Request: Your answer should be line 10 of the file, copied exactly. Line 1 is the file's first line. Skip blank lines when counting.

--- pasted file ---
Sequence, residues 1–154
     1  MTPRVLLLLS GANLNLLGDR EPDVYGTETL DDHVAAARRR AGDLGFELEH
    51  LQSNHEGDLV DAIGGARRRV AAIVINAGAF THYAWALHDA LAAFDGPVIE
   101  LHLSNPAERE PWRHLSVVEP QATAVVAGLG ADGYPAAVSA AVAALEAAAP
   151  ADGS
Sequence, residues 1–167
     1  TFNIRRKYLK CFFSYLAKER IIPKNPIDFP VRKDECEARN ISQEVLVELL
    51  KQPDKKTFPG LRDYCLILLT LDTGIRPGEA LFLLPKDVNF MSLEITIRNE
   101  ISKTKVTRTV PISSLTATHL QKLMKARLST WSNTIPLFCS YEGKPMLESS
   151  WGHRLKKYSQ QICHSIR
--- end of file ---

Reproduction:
   151  WGHRLKKYSQ QICHSIR